Thursday, July 22, 2010

A Variety Post

These are invariably longer than usual.

Things here are winding down a bit. Vacations are literally in two days, I'll be going on adventures of the crazy (but clean) variety the week after, and then...who knows? Time goes more quickly with every passing day.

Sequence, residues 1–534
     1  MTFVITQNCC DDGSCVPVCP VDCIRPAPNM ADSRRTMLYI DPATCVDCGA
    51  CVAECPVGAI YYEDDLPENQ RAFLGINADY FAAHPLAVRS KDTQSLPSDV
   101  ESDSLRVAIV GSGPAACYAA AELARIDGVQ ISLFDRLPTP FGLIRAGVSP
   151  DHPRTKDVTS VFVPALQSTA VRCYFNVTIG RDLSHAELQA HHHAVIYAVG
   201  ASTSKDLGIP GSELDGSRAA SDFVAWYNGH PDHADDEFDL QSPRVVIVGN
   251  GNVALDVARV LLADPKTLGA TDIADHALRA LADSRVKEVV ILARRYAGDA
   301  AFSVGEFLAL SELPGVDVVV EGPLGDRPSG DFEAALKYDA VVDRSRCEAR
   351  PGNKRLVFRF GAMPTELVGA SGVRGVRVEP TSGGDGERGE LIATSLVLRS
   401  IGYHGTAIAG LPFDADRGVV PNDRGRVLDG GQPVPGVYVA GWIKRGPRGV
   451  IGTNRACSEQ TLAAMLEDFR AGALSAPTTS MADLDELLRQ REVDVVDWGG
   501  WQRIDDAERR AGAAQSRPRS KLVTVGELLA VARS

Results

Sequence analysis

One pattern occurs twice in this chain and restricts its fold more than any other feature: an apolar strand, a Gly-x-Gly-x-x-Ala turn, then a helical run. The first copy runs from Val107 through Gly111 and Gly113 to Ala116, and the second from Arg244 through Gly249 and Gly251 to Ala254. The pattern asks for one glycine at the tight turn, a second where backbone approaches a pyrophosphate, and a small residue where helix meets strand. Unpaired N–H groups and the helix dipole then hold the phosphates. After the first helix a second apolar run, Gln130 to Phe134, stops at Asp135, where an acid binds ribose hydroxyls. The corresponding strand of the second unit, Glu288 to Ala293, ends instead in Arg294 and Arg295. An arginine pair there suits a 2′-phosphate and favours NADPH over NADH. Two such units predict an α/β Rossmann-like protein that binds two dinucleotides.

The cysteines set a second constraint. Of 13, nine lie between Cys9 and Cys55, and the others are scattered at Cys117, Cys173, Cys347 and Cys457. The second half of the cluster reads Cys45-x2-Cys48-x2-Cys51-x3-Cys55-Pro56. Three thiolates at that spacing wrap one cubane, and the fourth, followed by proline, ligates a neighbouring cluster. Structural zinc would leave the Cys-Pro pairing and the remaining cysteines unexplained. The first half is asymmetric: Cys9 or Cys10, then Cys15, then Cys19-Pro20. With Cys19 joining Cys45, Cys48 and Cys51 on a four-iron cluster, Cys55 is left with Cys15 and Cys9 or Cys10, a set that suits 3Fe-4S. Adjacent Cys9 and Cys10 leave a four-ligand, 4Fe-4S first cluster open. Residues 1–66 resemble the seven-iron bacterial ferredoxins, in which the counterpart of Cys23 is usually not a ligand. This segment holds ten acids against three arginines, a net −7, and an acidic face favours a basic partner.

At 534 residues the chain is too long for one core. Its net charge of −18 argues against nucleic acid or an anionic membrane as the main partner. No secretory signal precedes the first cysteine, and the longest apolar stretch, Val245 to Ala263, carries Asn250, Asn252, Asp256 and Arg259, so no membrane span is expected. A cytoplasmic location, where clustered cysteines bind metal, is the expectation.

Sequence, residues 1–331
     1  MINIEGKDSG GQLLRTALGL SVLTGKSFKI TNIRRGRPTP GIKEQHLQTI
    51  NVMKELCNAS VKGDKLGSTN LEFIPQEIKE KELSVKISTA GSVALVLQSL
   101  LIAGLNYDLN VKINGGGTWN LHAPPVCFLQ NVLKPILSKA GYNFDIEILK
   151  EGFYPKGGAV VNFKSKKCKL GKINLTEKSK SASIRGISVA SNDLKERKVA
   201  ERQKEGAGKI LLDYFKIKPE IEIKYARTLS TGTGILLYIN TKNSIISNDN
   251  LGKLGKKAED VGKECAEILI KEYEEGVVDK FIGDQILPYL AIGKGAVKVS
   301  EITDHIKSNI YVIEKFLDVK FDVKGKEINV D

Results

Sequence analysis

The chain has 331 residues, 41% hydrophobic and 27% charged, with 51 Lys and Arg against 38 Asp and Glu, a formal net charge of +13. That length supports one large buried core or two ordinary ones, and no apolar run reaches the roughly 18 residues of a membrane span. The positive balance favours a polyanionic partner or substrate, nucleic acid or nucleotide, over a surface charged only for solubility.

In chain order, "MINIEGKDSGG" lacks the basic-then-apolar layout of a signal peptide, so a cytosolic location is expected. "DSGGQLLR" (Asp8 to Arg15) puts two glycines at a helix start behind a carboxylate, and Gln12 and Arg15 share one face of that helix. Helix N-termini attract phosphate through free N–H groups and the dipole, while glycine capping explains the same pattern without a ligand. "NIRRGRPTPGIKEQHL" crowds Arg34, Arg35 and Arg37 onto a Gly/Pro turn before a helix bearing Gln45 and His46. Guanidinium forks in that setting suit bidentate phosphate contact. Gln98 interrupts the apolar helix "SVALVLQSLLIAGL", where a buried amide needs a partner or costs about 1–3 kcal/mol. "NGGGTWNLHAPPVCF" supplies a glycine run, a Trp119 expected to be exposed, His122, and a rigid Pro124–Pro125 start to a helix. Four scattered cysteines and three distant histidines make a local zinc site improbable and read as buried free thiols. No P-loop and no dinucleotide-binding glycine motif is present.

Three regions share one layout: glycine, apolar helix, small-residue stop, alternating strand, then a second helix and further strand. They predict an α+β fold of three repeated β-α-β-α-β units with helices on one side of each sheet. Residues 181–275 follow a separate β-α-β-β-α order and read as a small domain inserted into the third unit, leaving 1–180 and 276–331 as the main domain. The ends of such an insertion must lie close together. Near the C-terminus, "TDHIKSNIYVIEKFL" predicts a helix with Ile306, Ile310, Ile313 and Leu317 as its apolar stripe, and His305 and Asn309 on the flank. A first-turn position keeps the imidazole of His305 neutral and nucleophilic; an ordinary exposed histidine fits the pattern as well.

I went a little ballistic at the beginning of July. We had a very frustrating meeting, and I saw so many things that I had seen in October happening again, and I didn't want to have a part of it. Rather, I did, but I wanted to be somebody with a voice. So I went and I talked with the director, and it was very an extent. I was given the gift of knowing I'm not alone in my observation. This is wonderful beyond words. As a foreigner, I can't tell how much of my reaction is just me being financially well-off, white, and Estadounidense (i.e., from the United States). Some things appall me, like the noisiness and lack of respect in meetings (though you'll find that in teenagers across the board. They will look at you like you are from another planet if you get mad at them for punching each other even though you have said three times beforehand that there is absolutely none of that permitted). It's hard to cross so many boundaries and make accurate or useful observations and/or criticism. A lot of the time, I think that's cowed me into not saying anything and chalking it up to an internal battle of patience with myself and the new sphere in which I find myself. Maybe that's a final thing to do, but I've missed a step, and that's in actually daring to see how right or wrong I am in my observations. This time, it would seem I'm right. Of course, my observations fit for children of any lower class background, essentially, but being in a less affluent and developed country sure affords more obvious (and very often, more extreme) cases. It felt good to get angry and impassioned about it. My challenge, of course, is to keep that passion, do what I can to better things, and not lose hope of doing any good. It's easy to do that when there's no hope of finding people equipped to work with teenagers who would give up their lives as they know it to help problem kids. I'll do my best.